If your business recently hired a new CNC operator, you likely have expectations and standards that you would like them to meet. However, we have summarized several important things to keep in mind when you begin training a new CNC operator.
Make Expectations Clear
When training a CNC operator, you should get specific with what tasks you expect that person to do. If you want them to do the right job, you must tell them what the right job is. You should also recruit other willing operators that yare currently employed to explain to the trainee what they do on a daily basis and allow them to ask questions. Getting a person that already does the job is a great way to get the new hire’s questions easily answered. When developing your training curriculum, look at what your current operators do in order to develop an accurate curriculum and let them have a role in it.
State Your Specifics
When providing a new CNC operator with their job description, you should make sure that you are being as specific as possible. You cannot assume that the new hire will understand your terminology without having the details of each statement. For instance, if you give them a task to do, make sure you list each specific step of the task and not just a generic overview. Although this will make the guidelines for the new CNC operator much longer, it will ensure that the new operator will understand each task and not have to stop frequently to clarify questions.
Point Out Personal Preferences
Although many companies have similar views and standards on what CNC operators might do or might need to do, such as safety, many of them also have unique expectations and you need to make sure your new hire is trained with those preferences in mind. For instance, if your company machines products that are extremely flammable, such as titanium, your new hire should be made aware of that from the beginning. If you use specific measuring devices, the new CNC operator should be informed about it so they can make a habit out of doing it from their start date.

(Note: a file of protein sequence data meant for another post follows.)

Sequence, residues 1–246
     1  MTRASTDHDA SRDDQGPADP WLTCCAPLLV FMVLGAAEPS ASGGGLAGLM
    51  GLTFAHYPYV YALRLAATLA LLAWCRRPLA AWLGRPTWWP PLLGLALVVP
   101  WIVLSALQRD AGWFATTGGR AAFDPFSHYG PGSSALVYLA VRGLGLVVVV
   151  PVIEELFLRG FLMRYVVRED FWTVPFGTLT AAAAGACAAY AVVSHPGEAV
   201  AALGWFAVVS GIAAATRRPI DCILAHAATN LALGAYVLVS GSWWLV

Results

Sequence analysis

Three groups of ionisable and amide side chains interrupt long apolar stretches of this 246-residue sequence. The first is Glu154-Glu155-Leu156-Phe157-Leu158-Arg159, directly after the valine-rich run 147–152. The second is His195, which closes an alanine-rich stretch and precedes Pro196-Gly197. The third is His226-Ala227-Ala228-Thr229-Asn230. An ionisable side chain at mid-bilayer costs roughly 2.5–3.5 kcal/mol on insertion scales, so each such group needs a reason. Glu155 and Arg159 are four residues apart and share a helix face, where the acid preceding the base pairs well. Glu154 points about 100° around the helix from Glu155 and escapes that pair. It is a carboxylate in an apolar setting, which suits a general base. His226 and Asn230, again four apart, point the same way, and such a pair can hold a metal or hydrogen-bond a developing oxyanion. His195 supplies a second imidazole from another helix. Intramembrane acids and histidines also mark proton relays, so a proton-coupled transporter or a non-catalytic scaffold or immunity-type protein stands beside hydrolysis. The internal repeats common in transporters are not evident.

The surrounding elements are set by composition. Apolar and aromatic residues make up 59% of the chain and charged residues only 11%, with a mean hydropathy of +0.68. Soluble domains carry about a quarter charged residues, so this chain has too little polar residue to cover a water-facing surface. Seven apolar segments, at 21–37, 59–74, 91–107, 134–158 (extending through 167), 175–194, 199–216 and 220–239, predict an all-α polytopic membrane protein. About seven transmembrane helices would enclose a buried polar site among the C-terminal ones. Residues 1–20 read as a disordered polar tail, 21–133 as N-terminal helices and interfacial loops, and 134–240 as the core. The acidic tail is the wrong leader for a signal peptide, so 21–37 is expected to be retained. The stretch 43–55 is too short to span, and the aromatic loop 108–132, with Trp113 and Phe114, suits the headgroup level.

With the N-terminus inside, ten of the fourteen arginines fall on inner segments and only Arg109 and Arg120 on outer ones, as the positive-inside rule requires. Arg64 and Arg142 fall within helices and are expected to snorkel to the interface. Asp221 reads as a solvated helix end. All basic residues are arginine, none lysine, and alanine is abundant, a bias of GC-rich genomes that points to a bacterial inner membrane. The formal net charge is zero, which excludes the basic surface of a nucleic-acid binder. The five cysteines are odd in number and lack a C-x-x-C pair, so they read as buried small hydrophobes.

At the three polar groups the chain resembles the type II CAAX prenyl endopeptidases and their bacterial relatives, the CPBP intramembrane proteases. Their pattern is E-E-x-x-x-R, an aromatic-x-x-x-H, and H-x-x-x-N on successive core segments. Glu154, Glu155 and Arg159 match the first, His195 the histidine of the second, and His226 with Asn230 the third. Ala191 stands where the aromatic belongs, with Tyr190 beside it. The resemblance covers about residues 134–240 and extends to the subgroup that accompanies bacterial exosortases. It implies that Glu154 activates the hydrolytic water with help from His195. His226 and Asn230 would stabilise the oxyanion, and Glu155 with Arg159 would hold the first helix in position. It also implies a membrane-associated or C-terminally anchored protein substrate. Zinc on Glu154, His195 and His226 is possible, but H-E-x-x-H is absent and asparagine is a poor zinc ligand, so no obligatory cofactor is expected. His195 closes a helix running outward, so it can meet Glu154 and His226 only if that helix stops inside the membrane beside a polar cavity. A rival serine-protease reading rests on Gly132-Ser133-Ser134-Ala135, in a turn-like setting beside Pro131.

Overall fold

Highlight Your Machines
Although CNC machines all perform similar tasks, many machines are slightly different and so are the cutting tools used for them. Make that your CNC operator trainees understand when you’re specific cutting tools are beginning to wear. Point out to them what they should keep an eye out for whether it is change in sound or appearance. Make sure you only highlight the CNC machines the operator will actually be working with to avoid any confusion. If you have machines that give you certain problems, make sure you include that in your training so they are aware before starting on the machine itself.
These several suggestions will help you to train your next CNC operator appropriately and to the standards of your company. For more CNC news and advice, visit CNC Masters blog.